Bookish Banter – Featured Author – Jane Dougherty

Published November 2, 2013 by Laura Crean Author

Saturday 2nd November 2013

Bookish Banter is proud to present today’s Featured Author.

Introducing…

ImageJane Dougherty

Image

 

Could you just tell us a little bit about yourself first.  Where do you hail from?

I was brought up in Yorkshire, Irish mother and Irish American father who were related in some obscure way that an expert in my family genealogy could explain to you but I can’t. I left to go to university in Manchester then London, before getting a job in the wine trade that allowed me to realise a dream of living in France

Do you write full time or do you have to fit it in with working to pay the bills?

I gave up paid work after my third child was born, and by the time I’d recovered from the fifth one, I realised I could never hold down a job and keep the household running.  Being more or less tied to the house I could have gone completely mad, but I was lucky in having another old dream waiting to be fulfilled. I could at last get a bit of writing done!

I can relate to the demands of Motherhood Jane – you’re a heroine in my book!  One Mum to another – it’s a full time job!   :)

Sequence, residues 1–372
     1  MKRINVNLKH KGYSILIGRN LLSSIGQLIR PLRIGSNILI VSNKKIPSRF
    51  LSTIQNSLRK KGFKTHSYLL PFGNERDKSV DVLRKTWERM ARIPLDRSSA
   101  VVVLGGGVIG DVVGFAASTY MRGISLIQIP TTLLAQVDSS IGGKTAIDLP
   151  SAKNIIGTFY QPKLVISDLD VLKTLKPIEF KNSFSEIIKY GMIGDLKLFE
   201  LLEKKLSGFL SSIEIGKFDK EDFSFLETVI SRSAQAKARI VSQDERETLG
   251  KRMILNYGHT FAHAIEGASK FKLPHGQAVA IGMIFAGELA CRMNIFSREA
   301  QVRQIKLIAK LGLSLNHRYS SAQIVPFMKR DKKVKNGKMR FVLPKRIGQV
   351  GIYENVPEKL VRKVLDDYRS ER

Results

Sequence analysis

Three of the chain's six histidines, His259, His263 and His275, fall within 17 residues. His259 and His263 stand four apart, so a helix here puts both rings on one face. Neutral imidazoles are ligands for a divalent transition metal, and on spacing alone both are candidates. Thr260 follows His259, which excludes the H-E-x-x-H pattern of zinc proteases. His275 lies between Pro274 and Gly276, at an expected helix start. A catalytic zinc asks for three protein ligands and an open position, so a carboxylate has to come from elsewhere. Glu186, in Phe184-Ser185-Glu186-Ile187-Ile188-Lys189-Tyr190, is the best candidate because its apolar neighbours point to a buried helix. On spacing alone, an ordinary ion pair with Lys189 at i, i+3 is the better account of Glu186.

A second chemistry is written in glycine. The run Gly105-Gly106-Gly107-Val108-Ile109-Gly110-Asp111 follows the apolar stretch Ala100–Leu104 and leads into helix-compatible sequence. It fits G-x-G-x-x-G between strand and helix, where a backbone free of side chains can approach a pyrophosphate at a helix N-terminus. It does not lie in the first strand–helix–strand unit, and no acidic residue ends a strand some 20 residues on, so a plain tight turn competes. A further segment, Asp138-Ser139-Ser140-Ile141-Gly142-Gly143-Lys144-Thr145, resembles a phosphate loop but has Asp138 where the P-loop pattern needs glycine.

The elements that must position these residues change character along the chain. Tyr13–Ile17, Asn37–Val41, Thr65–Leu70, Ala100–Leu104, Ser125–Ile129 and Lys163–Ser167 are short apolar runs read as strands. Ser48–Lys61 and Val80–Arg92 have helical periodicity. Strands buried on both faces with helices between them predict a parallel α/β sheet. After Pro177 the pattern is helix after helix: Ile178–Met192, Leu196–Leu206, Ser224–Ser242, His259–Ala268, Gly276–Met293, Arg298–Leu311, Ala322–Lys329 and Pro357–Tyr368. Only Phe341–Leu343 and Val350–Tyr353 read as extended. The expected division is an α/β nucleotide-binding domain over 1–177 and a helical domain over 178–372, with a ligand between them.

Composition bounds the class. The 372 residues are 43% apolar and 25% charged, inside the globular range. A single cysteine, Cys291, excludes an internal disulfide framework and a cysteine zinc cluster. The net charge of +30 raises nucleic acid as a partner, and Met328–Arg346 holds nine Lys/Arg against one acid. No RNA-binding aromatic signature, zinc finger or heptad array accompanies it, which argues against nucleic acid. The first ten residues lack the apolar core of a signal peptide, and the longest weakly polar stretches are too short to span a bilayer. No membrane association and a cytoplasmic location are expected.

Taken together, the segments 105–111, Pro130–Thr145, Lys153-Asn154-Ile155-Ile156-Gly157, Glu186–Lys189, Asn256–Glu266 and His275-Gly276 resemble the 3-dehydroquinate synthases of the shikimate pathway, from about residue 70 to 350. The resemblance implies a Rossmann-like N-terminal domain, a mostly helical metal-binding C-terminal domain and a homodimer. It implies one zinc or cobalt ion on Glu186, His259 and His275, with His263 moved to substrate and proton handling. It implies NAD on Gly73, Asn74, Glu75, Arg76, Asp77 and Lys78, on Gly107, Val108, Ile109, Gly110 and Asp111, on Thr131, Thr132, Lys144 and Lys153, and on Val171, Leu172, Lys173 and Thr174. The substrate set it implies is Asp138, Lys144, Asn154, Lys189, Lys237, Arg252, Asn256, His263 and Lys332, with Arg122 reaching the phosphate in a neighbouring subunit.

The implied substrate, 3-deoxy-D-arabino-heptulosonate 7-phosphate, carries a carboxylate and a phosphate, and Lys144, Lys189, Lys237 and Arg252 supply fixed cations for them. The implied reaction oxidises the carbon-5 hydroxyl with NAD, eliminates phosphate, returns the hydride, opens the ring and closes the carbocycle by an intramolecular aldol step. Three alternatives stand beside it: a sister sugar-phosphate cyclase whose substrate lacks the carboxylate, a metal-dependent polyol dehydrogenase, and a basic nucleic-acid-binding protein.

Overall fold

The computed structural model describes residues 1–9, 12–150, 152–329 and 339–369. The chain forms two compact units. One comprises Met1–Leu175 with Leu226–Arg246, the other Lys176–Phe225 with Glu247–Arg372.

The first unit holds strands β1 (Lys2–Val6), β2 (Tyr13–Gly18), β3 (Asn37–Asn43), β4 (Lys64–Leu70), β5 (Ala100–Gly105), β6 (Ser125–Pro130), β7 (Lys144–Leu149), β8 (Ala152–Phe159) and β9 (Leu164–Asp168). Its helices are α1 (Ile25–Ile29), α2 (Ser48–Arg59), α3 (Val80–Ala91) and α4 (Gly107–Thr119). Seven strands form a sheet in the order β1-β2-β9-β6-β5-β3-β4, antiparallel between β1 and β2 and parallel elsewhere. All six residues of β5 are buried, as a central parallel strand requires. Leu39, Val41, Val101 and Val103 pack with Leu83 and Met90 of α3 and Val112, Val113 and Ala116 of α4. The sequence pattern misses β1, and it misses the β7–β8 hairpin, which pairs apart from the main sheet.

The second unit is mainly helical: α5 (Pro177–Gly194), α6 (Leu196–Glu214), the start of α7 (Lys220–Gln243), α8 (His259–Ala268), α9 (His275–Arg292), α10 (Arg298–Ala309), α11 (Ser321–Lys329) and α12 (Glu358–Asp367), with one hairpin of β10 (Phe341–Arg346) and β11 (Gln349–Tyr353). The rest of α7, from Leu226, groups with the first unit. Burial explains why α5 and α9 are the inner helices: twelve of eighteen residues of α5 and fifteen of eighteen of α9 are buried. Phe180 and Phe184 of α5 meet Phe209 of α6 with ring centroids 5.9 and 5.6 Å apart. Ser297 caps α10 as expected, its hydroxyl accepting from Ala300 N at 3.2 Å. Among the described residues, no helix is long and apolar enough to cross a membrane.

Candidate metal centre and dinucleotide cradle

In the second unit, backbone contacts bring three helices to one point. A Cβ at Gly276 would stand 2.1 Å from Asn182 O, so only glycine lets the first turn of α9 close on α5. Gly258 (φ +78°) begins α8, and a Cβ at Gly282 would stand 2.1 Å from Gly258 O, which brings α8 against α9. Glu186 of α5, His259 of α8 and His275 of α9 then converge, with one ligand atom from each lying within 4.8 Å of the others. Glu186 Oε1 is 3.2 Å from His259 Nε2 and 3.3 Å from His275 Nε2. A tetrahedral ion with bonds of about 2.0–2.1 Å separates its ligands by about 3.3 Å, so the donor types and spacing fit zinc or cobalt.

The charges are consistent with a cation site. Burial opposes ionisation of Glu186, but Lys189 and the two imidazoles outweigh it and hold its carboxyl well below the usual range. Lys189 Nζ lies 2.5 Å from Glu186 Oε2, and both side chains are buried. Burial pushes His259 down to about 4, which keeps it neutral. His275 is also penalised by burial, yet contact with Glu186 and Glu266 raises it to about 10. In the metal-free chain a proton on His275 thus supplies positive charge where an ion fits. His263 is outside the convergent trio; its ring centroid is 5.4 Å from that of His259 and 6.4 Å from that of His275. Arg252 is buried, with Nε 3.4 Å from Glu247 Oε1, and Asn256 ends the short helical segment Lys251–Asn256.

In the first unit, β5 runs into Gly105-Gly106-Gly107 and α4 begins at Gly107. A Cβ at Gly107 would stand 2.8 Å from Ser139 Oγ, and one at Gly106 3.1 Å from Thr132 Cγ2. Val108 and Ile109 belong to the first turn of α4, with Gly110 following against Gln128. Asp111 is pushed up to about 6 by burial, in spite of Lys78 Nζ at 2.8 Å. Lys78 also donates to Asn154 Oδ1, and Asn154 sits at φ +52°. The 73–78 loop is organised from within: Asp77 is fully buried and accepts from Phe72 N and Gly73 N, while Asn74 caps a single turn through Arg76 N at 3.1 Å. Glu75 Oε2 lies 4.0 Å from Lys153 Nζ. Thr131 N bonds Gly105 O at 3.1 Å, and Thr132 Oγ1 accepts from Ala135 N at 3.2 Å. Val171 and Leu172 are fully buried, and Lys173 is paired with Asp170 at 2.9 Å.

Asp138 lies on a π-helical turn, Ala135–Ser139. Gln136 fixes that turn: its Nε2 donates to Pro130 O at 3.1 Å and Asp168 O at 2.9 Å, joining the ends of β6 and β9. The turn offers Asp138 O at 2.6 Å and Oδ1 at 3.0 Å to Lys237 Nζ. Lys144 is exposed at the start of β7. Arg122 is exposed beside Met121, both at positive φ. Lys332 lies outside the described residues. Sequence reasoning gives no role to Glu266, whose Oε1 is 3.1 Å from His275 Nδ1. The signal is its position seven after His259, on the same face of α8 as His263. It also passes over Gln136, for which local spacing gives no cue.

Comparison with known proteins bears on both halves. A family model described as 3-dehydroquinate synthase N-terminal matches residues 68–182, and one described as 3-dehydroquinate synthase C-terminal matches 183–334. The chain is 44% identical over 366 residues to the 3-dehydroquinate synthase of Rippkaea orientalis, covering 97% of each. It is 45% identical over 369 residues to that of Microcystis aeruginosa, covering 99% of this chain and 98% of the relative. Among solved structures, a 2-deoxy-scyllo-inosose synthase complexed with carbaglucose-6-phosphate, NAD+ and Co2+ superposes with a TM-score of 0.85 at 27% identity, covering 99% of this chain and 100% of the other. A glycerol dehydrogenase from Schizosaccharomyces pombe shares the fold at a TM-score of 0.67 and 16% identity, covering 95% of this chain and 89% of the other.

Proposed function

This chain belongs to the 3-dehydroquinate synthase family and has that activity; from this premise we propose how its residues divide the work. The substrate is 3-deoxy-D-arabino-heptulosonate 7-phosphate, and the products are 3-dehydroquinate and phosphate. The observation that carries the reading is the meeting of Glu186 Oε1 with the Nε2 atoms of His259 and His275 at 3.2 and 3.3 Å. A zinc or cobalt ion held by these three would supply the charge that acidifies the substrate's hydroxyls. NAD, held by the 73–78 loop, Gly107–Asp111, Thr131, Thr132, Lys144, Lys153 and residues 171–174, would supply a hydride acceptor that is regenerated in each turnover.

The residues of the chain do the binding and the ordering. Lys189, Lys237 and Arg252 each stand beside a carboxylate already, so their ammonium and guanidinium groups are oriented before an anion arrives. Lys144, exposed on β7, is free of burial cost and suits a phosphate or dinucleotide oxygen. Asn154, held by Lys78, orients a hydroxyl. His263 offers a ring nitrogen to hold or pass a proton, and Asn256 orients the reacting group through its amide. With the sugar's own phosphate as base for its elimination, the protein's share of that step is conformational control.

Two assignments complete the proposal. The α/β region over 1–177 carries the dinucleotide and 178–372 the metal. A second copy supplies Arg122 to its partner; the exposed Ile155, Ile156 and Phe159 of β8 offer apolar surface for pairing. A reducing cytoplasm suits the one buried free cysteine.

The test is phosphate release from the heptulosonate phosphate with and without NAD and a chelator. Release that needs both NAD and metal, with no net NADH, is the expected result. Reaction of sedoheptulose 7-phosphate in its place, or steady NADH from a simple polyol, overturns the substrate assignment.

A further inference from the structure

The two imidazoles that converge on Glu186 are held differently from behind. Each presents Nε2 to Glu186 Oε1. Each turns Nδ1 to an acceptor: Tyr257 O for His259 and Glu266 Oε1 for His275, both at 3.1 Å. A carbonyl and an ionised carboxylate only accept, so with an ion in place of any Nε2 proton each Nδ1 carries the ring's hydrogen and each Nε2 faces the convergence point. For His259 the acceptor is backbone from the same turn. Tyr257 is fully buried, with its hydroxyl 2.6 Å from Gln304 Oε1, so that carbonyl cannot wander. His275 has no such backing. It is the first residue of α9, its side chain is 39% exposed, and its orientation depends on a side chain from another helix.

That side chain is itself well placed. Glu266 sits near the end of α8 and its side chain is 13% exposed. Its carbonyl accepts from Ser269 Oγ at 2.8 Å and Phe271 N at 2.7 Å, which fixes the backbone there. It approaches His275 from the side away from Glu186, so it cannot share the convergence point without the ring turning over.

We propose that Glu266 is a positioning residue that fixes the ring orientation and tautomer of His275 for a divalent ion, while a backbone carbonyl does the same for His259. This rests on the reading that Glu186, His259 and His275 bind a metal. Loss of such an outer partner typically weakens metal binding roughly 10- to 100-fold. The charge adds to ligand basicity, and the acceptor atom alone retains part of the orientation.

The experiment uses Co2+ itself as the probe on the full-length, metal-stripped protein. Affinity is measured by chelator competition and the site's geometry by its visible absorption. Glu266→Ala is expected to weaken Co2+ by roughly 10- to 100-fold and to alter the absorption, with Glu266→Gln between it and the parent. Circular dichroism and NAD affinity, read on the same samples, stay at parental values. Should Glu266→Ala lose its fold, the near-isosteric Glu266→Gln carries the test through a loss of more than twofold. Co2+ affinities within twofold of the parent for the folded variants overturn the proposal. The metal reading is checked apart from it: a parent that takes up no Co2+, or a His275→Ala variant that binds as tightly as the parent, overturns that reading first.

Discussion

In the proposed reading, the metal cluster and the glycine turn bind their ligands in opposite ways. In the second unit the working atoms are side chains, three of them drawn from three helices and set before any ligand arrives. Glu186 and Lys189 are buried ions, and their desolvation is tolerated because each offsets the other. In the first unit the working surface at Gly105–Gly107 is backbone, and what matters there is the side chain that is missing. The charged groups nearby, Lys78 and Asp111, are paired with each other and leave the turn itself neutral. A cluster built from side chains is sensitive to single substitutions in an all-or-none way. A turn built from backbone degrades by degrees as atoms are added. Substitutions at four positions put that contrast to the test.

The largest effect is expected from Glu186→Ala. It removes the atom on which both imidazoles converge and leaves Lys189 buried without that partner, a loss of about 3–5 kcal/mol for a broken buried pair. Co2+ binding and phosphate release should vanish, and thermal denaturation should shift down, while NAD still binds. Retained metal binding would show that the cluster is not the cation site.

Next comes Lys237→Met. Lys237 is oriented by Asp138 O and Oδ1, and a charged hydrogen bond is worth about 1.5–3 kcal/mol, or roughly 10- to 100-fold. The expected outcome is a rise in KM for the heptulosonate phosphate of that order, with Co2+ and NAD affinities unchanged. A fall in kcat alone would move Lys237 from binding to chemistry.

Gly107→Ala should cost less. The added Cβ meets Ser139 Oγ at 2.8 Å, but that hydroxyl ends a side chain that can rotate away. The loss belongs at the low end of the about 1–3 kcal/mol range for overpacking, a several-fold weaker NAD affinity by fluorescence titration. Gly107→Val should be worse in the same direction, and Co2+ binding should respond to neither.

Why on Earth have you chosen to be a writer – in this digitally obsessed age?

I’m not sure I did choose to be a writer. You either are or you aren’t. It’s true the mechanics of writing have to be learnt, but the desire to communicate something through the written word is something that is part of your nature. My father and my mother’s father were the same, so it’s probably in the blood.

I would say it is definitely in the blood and yes – you were born to write!   ;)

What’s in the pipeline?  Give me the lowdown – I need plot, characters and dare I ask – is there a twist in your tale?

At the moment I’m revising the first part of a project based on Irish and Norse history heavily fantasised. It also has a cast of thousands, Vikings, Irish Celts, nasties out of mythology, and nasties out of my head. There are so many twists in this story I get lost sometimes. It’s a bit like the destruction of Atlantis, but not, or the Book of Revelation – with Vikings! I’m not doing very well here, am I? I’m hoping a good editor will straighten out the final coils in it.

Oh my goodness – I am so hooked already!  Celtic, Norse, Atlantis come Revelations – I’m there baby!

Where did the idea spring from for your latest masterpiece?